Bernie Sanders’s run for President is over, but his campaign has left behind a coherent social democratic current in American politics. How did this current cohere, where is it heading, and what does this mean for radical politics today?
Alberto Toscano, Amanda Armstrong, and Delio Vasquez on periodization and proletarian self-activity in “the new era of uprisings.”
As we know, Marx never wrote a distinct tome on either international trade or on war and geopolitics – a tome that would have problematized the spaceless assumptions of either a stagist conception of world history or a universalizing capitalist world market. And in that sense International Relations – less as a discipline but more as a problematic – remains very pressing and urgent for Marxists to reappropriate.
While a Trump presidency is not impossible, in this topsy-turvy election it has turned out to be foolish to make predictions. It seems fair, however, to ask a question that is being ignored or suppressed: if eight years of Bill Clinton gave us George W. Bush, and eight years of Obama gave us Trump, what would eight years of Hillary Clinton give us?
By reading Althusser’s work the way he read others, we see an image of Althusser not as irredeemably “theoreticist,” but as a theorist entangled with the complex legacy of Marxism: its history, its debates, and analytical and political currency within his own conjuncture.
If CUNY’s movements are to reverse the administration and the NY government’s assault, they will need to force the union to move past the economism of their contract campaign and embrace struggles that speak to the lives of their members, New York, and the wider world.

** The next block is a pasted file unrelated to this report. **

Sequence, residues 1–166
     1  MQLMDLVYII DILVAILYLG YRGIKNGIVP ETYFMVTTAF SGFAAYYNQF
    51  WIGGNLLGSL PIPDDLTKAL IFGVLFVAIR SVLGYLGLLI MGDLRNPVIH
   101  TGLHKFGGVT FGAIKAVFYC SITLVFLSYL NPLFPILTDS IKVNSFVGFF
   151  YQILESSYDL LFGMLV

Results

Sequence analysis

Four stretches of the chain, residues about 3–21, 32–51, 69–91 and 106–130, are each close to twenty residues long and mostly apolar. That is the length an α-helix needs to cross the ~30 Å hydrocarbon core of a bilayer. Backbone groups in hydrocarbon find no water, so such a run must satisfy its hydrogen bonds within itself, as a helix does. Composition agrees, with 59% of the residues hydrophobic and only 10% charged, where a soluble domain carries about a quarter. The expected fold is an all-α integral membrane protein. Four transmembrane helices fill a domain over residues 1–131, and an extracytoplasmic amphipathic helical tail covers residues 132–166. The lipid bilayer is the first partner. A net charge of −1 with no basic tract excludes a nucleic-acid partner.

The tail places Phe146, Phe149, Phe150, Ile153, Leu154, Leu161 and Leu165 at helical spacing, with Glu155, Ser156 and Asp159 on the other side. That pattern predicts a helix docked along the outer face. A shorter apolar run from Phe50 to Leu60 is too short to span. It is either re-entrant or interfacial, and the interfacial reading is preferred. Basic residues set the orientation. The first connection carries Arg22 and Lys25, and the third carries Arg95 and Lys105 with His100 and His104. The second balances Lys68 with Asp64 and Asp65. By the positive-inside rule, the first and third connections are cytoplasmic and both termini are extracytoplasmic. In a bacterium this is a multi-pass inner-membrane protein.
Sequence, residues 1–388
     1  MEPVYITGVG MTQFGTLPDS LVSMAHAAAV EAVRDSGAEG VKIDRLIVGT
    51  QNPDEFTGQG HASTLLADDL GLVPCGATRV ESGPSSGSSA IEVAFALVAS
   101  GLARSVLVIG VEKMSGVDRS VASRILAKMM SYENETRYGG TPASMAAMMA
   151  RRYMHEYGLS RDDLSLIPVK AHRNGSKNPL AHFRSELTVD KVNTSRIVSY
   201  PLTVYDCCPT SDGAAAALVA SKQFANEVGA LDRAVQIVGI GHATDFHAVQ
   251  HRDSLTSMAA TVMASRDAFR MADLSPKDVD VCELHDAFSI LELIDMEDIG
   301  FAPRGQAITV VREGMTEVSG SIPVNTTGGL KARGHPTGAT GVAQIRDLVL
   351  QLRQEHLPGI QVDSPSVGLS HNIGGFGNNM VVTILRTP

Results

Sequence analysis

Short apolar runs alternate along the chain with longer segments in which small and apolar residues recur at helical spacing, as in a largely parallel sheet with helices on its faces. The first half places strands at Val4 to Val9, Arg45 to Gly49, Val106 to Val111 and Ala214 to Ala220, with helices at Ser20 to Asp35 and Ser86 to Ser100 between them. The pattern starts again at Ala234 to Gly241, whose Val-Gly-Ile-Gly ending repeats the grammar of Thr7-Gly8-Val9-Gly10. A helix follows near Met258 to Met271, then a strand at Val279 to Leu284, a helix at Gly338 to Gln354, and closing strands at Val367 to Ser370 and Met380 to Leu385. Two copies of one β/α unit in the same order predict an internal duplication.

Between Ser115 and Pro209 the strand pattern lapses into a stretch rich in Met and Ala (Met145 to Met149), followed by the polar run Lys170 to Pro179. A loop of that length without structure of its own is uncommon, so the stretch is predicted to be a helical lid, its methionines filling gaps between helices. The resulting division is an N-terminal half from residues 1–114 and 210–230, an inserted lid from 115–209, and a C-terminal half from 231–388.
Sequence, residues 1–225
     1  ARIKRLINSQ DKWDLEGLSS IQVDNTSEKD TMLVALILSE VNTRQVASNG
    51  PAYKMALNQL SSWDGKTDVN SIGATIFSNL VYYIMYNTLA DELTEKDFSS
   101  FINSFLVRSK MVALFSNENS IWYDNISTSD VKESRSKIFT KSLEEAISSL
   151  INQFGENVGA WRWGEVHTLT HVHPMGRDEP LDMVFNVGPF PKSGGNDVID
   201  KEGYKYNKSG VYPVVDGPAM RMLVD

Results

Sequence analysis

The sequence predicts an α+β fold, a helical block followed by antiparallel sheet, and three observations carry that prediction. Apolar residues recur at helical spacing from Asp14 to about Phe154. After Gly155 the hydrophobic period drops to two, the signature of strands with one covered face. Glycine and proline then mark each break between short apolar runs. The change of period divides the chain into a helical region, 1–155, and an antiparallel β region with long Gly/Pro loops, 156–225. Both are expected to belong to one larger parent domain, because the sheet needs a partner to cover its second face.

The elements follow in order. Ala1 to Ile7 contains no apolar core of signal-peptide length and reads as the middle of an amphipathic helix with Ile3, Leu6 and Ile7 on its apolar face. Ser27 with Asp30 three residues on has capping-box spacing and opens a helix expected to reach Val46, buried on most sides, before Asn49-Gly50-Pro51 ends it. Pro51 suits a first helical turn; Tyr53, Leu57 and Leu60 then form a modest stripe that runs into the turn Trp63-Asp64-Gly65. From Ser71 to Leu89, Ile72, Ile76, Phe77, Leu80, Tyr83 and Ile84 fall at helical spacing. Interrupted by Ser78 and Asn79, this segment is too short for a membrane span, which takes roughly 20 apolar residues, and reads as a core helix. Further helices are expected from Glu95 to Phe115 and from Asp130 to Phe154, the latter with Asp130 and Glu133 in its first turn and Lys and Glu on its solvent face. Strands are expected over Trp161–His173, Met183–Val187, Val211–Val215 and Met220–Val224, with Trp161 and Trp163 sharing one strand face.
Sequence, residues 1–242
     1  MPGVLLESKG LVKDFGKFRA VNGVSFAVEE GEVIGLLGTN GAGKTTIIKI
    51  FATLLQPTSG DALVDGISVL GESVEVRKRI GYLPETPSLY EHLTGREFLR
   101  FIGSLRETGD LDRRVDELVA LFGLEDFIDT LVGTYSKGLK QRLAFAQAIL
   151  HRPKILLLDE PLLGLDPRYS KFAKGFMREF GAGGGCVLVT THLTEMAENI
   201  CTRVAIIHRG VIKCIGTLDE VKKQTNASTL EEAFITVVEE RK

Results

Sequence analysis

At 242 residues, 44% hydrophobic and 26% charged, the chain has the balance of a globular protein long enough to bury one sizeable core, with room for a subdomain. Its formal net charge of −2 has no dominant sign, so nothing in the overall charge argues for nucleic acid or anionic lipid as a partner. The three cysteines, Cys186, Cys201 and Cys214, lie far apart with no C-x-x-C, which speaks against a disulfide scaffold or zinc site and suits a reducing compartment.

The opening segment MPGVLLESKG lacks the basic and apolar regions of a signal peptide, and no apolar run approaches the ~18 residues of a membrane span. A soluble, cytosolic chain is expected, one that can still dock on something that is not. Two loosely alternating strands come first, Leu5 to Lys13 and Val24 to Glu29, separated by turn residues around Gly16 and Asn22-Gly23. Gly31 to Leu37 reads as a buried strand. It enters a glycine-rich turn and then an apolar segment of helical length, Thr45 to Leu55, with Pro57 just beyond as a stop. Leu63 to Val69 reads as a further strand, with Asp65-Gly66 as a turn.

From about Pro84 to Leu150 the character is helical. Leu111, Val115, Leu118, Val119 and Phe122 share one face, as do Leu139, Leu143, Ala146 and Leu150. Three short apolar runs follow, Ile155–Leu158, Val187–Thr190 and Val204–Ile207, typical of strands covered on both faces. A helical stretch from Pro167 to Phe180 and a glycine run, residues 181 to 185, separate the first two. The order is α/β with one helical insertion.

These two aspects of Ali’s life – the athlete and the militant – cannot be separated: his entire boxing career was fully political, and his greatest matches, against Ernie Terrell and George Foreman, saw him waging the struggle against white supremacy, racism, and collaborationism in the boxing ring itself.
The real problem with Inventing the Future is not the deficiencies in its program – any bugs in the proposals could always be ironed out in the testing stage – but its relation to futurity as such.
The first part of this essay sought to show how the development of the Marxist theory of the state was closely connected to the problems of revolutionary strategy, specifically in terms of the forms of working-class organization appropriate for developed democratic societies.
The debates of the European Left at the twilight of the classical workers’ movement still divide our contemporaries along rigid sectarian lines, resulting in spectacular eruptions of uncomprehending crosstalk.
To make the most of the political opportunities created by the Sanders campaign, radicals need to develop new forms of organization that are appropriate to our historical conjuncture.